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Job hazards get a lot of attention in the safety world. Under the Occupational Safety and Health Act’s General Duty Clause, an employer is legally obligated to provide a workplace reasonably free of recognized hazards.
However, when it comes to the management of occupational health and safety, human factors deserve just as much attention, as they can be just as detrimental to worker health and safety as hazards.
What are human factors, and how can you successfully manage them? Here’s a quick introduction to the topic to help your EHS team get started.
The term human factors describes the relationship between three interrelated aspects:
As a science, human factors relies on multiple disciplines ranging from anatomy to biomechanics to understand how people perform. In simple terms, human factors can be understood as the study of all factors that make it easier to do work the right way.
While it primarily focuses on three aspects outlined above, it can also account for a variety of other factors, including safety procedures in the workplace, workplace design, tasking, worker competency, and worker skill.
The key word to remember in “human factors” is “human”, i.e. everyone is human and everyone makes mistakes. Unfortunately, the cost of human error is quite high.
In October 2020, for instance, nearly 16,000 COVID-19 cases went unreported due to an Excel error of Public Health of England. Elsewhere, in Virginia, an incorrectly aligned spreadsheet which matched voters with their local registrar’s office resulted in more than 500,000 voters erroneously receiving absentee ballot applications.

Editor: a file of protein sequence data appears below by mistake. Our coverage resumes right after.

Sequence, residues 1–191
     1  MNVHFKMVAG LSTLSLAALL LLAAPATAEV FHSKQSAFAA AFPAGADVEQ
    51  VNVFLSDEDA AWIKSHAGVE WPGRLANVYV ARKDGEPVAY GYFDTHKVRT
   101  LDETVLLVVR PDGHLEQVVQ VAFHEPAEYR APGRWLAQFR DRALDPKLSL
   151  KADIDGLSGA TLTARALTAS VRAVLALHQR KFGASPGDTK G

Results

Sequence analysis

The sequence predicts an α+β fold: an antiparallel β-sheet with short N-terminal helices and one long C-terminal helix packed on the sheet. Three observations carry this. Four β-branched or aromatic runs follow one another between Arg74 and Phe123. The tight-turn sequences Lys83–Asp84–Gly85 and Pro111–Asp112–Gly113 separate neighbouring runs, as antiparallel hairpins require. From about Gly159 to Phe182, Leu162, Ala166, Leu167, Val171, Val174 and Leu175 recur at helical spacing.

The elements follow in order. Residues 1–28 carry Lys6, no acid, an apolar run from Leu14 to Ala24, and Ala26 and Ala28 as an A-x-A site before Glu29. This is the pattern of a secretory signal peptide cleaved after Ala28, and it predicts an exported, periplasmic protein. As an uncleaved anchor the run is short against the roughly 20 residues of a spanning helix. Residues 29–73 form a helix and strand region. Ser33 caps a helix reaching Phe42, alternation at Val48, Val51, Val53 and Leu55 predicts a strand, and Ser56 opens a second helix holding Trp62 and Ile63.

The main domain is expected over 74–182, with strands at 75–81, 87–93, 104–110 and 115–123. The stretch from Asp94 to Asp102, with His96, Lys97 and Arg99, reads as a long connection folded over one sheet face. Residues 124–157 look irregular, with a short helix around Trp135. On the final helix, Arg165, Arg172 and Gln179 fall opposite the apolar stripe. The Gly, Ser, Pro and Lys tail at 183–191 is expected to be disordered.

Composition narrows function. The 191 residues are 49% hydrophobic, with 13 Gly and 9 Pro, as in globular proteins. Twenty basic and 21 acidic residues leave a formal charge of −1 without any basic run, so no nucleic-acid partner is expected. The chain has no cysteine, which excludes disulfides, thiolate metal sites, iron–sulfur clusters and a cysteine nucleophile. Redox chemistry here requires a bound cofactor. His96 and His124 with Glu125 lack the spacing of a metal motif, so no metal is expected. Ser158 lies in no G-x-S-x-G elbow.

And in healthcare safety, for example, the global cost of medication error is an estimated $42 billion USD annually.
The point is that everyone is human, and those human mistakes come with major costs in safety. While hazards get the most attention, human factors can be just as detrimental in safety outcomes. As a safety manager, your job is to mitigate them.
While no danger can be fully eliminated from a workplace, and human factors are no exception, they can certainly be managed.
Your foremost concern in managing human factors is making employees aware of the problem, which means strong staff training to provide mitigation tools. This should not be approached punitively, but rather as a technique to improve the whole staff’s performance.
You should also keep in mind that employees are the ones most likely to spot these issues, since they outnumber you. This means employee buy-in is critical to creating a culture that supports successful management of occupational health and safety, including human factors.
We know that management of occupational health and safety isn’t easy. We also know that it’s a lot easier with the right tools. That’s where our safety management software makes it easy to know where you stand, what to do next, and how to do better next time.
Ready for a smarter approach to safety management? Get in touch today to learn how our software can support your team.
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